Federal Poverty Level: Definition, Guidelines, Chart

Are You Eligible for Federal Benefits in 2017?

A girl pays for her mother's groceries using Electronic Benefits Transfer (EBT) tokens, more commonly known as Food Stamps, at the GrowNYC Greenmarket in Union Square in New York City. Photo by Andrew Burton/Getty Images

Definition: The federal poverty level is the indicator the U.S. government uses to determine who is eligible for federal subsidies and aid. 

The Department of Health and Human Services issues new poverty guidelines each January. That's when it adjusts for inflation. For more, see How the Poverty Level Accounts for Inflation.

2017 Federal Poverty Guidelines Chart

HHS issues guidelines for each household size.

For example, the guideline for a household of four is an annual income of $24,600. Add $4,180 for each additional person in the household to compute the guideline for larger families. Subtract $4,180 per person to calculate it for smaller families. That's the guideline for the 48 contiguous states. Guidelines for Alaska and Hawaii are a little higher since it's more expensive to live there. The chart below calculates it for you.

Number of People in Household 48 States & DC   Alaska   Hawaii
   One        $12,060  $15,060  $13,860
   Two        $16,240  $20,290  $18,670
   Three        $20,420  $25,520  $23,480
   Four        $24,600  $30,750  $28,290
   Five        $28,780  $35,980  $33,100
   Six        $32,960  $41,210  $37,910
   Seven        $37,140  $46,440  $42,720
   Eight        $41,320  $51,670  $47,530
For more than eight, add this amount for each additional person
           $4,180    $5,230   $4,810


Agencies help families who earn more than the federal poverty level. For example, some programs offer subsidies to families that are 150 percent of the federal poverty level. For a household of four that would be 1.5 x $24,600 = $36,900. To find out more about these specific guidelines, see HHS 2017 Federal Poverty Guidelines.

Which Programs Use the Poverty Guidelines?

The assistance programs that use the guidelines include the Supplemental Nutrition Assistance Program. It is available to those who earn 130 percent of the federal poverty guidelines. Households must also have less than $3,500 in assets with an elderly or disabled person, or $2,250 or less in households without an elderly or disabled member.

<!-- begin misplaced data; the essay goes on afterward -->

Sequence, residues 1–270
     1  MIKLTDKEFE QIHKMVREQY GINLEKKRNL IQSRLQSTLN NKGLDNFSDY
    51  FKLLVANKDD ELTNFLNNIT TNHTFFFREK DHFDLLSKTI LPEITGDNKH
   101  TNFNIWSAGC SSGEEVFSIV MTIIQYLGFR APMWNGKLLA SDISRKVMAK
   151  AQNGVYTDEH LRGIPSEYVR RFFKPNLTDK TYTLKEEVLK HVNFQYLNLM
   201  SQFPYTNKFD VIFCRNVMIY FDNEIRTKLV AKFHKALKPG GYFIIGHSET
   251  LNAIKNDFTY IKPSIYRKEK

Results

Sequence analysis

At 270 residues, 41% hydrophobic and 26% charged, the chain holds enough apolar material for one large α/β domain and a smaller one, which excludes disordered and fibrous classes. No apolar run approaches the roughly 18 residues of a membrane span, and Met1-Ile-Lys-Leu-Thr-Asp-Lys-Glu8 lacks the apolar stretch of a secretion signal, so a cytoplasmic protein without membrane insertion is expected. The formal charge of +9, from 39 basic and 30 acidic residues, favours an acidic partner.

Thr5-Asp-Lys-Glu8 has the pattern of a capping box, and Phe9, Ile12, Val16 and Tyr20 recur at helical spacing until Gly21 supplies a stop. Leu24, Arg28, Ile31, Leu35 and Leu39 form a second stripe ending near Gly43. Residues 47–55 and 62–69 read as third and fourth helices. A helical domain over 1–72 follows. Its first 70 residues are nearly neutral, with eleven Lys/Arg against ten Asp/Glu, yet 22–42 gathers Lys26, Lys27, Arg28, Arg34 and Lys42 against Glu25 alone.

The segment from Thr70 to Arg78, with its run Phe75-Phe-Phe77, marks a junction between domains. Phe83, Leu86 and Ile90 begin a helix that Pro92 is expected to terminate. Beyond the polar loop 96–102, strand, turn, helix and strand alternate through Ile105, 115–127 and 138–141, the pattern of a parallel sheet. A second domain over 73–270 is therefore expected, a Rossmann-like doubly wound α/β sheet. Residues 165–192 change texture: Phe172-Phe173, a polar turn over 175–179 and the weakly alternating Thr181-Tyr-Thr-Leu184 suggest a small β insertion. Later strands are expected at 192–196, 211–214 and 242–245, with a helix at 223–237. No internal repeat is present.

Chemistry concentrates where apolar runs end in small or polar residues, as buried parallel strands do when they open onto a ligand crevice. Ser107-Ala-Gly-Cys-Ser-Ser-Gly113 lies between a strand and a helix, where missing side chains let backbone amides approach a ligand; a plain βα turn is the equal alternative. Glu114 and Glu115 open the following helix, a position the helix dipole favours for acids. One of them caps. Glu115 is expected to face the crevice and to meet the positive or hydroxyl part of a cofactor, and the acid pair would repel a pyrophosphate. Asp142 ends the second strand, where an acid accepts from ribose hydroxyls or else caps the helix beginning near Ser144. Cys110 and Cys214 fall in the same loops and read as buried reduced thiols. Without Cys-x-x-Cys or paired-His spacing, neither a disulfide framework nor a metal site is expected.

A household is eligible for Medicaid if its income is 138 percent of the poverty level. The Affordable Care Act provides insurance subsidies for households between 138 percent and 400 percent of the poverty level. 

Other programs include Head Start, the National School Lunch Program, the Low-Income Home Energy Assistance Program and the Children’s Health Insurance Program. 

Federal programs that hand out cash don't use the poverty guidelines. These programs include Temporary Assistance for Needy Families, the Earned Income Tax Credit and the Supplemental Security Income. 

The Poverty Level and Obamacare

In October 2013, the poverty level became relevant to millions more Americans. That's when the health insurance exchanges for Obamacare opened for enrollment. Those making 400 percent or less of the poverty level became eligible for tax credits to help pay insurance costs.

To see the levels for different household sizes, see Will I Qualify to Save on Monthly Premiums?.

Those making 138 percent or less of the poverty level became eligible for Medicaid. Specific eligibility depends on each particular state. Applicants  find out if they are eligible when they apply on the exchanges. For more, see Obamacare Summary and How Will Obamacare Affect Me?

How the Poverty Guidelines Measure Eligibility

The poverty level measures a family's annual cash income. Each agency administering an assistance program determines whether to use the family's before-tax or after-tax income in computing eligibility. (Source: "Frequently Asked Questions," U.S. Department of Health and Human Services.)

Other poverty indicators measure total wealth, annual consumption or a subjective assessment of well-being.

For more on these methods, see Standard of Living.

HHS prefers the term "poverty guidelines" instead of "poverty level" because it is more precise. People use the term poverty level to describe the poverty guidelines and the federal poverty threshold. The second terms is a U.S. Census Bureau statistic. It  tells you how many Americans live in poverty. The poverty guidelines are based on the threshold, but HHS uses it to administer poverty programs. Here is a summary of the differences between the poverty threshold and the poverty guidelines.


The federal poverty level originated during President Lyndon Johnson's War on Poverty. It was one of the tools developed to measure and eradicate poverty.  

In his Inaugural address, Johnson called for "The richest nation on earth" to win the war. He wanted to assist "...American families with incomes too small to even meet their basic needs." This War on Poverty created many of today's welfare programs. (Source: "Lyndon Johnson's War on Poverty," National Public Radio, January 8, 2004. "Inaugural Speech," Johnson Archives.)